Slovenia: Concerns over controversial changes to RTV programming
The undersigned partners of the Media Freedom Rapid Response (MFRR) today express concern over proposed modifications to news programming at the Slovenian public television RTV, which would reduce the broadcaster’s ability to inform the public and scrutinise power. We therefore urge the broadcaster’s management to enter into dialogue with its editorial board to ensure adjustments are proportionate and in the best interest of public interest reporting.
Under the draft Program-Production Plan (PPN) for 2022, shows such as the flagship foreign policy programme, Globus, and many news talk shows would be cancelled. Daily news programs such as Dnevnik and Slovenska kronika would be shortened, while others would be shifted to the broadcaster’s second channel, which has far lower viewership. Election programming would likewise be transferred to the secondary channel, where it would be broadcast in the absence of major sporting events.
The proposed shakeup has already proven controversial. In October, the editor-in-chief of the TV Slovenia news program, Manica Janežič Ambrožič, stepped down in protest. She was followed by three other TV Slovenia editors: Dejan Ladika, Meta Dragolič and Mitja Prek. A letter criticising the scale of the changes was recently signed by more than 90 percent of employees, who argued it would limit their ability to produce quality public service reporting.
Since the letter was sent to the management, headed by new RTVSLO director Andrej Grah Whatmough, only minor amendments have been made to the draft changes. RTV management has said the alterations to programming are necessary due to the current financial situation, the departure of employees and low ratings of news shows. RTV’s program council is due to vote on the proposals during its next meeting on Monday, November 29.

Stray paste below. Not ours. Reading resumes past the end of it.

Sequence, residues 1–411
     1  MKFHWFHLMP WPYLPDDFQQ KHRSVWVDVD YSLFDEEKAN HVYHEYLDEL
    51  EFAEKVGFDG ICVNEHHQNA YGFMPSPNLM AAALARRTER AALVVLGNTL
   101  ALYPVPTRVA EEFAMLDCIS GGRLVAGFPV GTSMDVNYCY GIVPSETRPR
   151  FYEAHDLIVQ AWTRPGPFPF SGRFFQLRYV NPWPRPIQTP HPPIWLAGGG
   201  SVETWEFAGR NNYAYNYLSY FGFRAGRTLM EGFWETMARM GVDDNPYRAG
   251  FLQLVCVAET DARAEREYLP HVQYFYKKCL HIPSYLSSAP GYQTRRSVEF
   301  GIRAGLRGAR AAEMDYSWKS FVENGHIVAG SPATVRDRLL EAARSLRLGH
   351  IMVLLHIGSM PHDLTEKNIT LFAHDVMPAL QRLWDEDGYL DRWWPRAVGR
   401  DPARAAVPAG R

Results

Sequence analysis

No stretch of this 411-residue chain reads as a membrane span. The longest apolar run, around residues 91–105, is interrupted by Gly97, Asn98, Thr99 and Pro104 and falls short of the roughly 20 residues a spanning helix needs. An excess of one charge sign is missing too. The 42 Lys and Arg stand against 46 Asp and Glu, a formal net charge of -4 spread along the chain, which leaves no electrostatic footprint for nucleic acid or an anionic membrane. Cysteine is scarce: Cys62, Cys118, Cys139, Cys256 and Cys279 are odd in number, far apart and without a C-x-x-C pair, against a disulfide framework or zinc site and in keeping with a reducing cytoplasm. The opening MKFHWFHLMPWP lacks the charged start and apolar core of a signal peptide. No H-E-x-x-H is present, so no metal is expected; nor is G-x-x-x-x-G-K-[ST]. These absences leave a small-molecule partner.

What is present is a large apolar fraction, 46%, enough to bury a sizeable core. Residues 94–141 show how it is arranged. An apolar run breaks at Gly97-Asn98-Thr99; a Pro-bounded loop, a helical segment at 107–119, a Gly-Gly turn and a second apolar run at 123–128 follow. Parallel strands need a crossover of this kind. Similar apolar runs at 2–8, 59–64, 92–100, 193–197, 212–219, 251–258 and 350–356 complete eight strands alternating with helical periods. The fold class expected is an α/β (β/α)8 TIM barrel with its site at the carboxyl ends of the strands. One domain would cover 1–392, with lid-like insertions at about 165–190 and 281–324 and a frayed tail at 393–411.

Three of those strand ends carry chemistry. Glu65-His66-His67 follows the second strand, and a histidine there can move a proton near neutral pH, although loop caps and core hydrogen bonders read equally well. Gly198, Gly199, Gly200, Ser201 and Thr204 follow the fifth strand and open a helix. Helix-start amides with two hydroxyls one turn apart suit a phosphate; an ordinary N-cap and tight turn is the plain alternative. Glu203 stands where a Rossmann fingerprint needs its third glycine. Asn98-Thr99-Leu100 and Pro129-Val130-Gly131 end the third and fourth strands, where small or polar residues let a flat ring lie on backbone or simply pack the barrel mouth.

The country’s biggest journalistic unions, the Slovene Association of Journalists (DNS) (DNS) and the Trade Union of Journalists of Slovenia, have spoken out against the changes, which they argue are unrealistic, unfeasible and will be detrimental to the quality of journalistic content and the future development of the broadcaster.
Our organisations are concerned that, in their current form, these changes will marginalise public interest reporting and undermine the broadcaster’s core mission: to provide the country’s citizens with professional and informative reporting on both domestic and foreign current affairs. We are also concerned that these changes have been developed without sufficient consultation. It is vital that such changes to programming must be proportionate and, crucially, have the support of the editorial board.
The quality and content of a country’s public broadcasting is a mirror to the overall strength of its media landscape. Despite its financial challenges, RTVSLO has historically ranked among the best and most independent public service broadcasters in the region. While all parties agree that reform to its funding model is urgently needed to improve its finances, it is crucial this is done without jeopardising its core journalistic mission.
We therefore call on the Radiotelevizija Slovenija program council to postpone its meeting until further dialogue is conducted by management with RTV employees. Separately, we also urge the National Assembly to ensure adequate and sustainable funding for RTVSLO that allows it to provide a high standard of news reporting, as well as uphold the commitment to public service news determined by the RTV Slovenija law.
Over the last year, journalists at RTV have faced increasing intimidation and threats both on social media and on the streets. Conspiracy theorist protesters recently stormed the headquarters and impeded broadcasting. Editors have endured relentless disparaging smears and attempts to discredit their work by elected politicians. Concerns have meanwhile been raised about politicised appointments to oversight bodies. We hope the proposed changes to RTV programming and production will not create additional pressures in the coming months.